VIDEO: Council orders Irish travellers at illegal UK halting site to clear barricades blocking entry
Published 20/09/2011 | 17:38
Travellers at the UK's largest illegal site were tonight urged to clear barricades and stop non-residents from protesting, in line with a court order.
Basildon Council gave a plot by plot breakdown of how they plan to clear Dale Farm in Essex, as required by a court injunction put in place yesterday.
In return the local authority wants residents to stop blocking access to the site and to discourage non-travellers from protesting there.
Basildon Council leader Tony Ball said: "We have complied with the judge's order and provided the plot by plot schedule as requested.
"The injunction also places obligations on the travellers to discourage any further protest from non-Dale Farm residents, and to dismantle the barricades and any obstructions preventing access onto the site.
"We have made repeated pleas to the travellers to ensure health and safety is considered on site, and these measures would help enable a safer operation for all concerned.
"The council has complied with the law and the terms of the order. We now hope that the travellers do the same."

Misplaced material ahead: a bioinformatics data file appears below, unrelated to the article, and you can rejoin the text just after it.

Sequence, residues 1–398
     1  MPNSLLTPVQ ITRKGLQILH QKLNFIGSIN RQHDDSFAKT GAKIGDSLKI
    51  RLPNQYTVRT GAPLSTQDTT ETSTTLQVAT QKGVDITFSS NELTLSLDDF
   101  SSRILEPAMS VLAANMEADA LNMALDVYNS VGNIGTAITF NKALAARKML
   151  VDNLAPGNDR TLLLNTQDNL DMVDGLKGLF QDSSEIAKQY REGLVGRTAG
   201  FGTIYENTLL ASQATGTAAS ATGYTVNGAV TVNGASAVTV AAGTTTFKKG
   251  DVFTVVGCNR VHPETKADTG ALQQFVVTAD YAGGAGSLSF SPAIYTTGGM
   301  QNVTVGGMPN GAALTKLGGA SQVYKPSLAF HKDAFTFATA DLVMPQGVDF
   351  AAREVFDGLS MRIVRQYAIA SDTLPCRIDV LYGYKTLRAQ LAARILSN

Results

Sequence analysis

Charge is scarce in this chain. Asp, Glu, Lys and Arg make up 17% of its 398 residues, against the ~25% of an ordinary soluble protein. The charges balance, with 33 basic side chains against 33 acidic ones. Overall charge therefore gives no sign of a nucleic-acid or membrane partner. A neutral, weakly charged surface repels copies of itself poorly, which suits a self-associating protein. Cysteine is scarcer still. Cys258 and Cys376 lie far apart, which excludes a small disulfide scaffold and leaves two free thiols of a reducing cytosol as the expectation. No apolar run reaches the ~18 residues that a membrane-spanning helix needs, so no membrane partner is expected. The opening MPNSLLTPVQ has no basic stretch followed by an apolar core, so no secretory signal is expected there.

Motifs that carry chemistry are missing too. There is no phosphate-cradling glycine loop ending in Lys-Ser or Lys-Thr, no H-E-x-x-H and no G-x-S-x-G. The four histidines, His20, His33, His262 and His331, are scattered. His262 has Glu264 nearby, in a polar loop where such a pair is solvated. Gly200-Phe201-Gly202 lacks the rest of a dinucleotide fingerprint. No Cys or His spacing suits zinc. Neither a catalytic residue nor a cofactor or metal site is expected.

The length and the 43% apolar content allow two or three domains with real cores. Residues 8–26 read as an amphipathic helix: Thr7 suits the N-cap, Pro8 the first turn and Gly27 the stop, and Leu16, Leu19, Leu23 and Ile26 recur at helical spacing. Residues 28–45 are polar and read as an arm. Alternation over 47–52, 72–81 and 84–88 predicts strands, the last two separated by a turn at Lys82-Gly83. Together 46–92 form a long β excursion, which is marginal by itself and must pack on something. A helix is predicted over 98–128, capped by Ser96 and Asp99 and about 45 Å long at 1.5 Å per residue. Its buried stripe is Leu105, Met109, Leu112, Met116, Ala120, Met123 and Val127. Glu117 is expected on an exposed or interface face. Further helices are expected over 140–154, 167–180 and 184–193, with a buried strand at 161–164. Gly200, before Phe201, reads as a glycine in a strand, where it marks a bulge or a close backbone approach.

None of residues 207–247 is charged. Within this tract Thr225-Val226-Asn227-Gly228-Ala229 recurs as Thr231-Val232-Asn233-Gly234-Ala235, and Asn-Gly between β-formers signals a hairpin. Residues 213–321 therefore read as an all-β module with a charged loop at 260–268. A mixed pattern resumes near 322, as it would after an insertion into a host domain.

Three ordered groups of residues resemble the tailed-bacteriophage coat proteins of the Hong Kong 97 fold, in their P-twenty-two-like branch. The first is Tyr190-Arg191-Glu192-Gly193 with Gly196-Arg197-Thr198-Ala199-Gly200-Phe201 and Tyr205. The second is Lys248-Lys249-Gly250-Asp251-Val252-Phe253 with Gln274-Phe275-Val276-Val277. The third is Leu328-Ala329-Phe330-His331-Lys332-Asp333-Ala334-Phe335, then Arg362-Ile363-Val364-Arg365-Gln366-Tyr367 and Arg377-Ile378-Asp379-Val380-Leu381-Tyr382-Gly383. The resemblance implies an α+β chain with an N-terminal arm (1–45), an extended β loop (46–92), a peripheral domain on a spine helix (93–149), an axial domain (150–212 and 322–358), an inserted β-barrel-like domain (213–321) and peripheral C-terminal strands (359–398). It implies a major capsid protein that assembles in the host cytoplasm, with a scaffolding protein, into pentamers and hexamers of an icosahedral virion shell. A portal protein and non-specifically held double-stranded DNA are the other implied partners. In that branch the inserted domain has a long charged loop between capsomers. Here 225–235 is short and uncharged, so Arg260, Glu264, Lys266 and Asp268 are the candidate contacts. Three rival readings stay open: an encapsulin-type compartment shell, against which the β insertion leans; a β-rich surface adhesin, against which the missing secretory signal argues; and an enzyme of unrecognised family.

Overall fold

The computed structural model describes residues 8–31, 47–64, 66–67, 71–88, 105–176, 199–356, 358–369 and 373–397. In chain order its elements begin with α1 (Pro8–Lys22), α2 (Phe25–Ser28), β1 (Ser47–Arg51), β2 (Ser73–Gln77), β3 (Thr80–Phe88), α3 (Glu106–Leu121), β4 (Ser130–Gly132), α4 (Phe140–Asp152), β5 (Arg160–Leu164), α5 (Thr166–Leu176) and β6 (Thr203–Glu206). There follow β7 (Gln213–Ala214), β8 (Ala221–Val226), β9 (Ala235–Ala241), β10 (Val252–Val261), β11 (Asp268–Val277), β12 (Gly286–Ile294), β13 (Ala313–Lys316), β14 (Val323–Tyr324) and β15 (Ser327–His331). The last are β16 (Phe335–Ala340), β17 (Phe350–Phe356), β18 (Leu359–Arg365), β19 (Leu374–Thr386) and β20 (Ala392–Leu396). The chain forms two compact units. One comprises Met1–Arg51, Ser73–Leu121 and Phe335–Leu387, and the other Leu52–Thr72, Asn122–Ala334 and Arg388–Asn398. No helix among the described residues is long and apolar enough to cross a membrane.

Dale Farm residents have until Thursday to raise any issues with the council.
Yesterday they won an eleventh-hour court injunction preventing the clearance of 51 unauthorised plots until Friday.
Residents and their supporters are expected to open the heavily barricaded main gate to the site tomorrow, to allow in a school bus to pick up children.
They had already agreed to admit a planning inspector onto the site.
However non-traveller protesters, who have come to the area to support residents in their battle to remain, insisted that despite that concession the barricades will remain in place.
Campaigner Sam Walters said: "Basildon Council must take this time to fulfil its responsibility to find and approve a legal and culturally suitable site for the Dale Farm community.
"It is imperative that the council engages in a meaningful and appropriate way with residents in fulfilling the injunction.
"A leaked source has revealed that the council intends to communicate with the residents via email. The council is aware of the fact that, due to limited opportunities for schooling for most travellers, a large proportion of the Dale Farm residents are illiterate, and have virtually no access to email."
Meanwhile, Basildon Council confirmed that if it succeeds in overturning the injunction preventing clearance of the Essex site at a court hearing on Friday, action could recommence within hours.
A spokesman said: "No decision has been taken but this is a seven-day operation and we could move in on the Saturday."
In that case, the travellers would also be liable for all costs incurred by the delay. The estimated cost of the total operation is £18m (€21m).
Dale Farm residents and council bosses have been at loggerheads for the past ten years over illegal development at the site.
The homes on one half of the six-acre site are legal, but structures on the other half were put in place against planning rules and the local authority wants them to be cleared.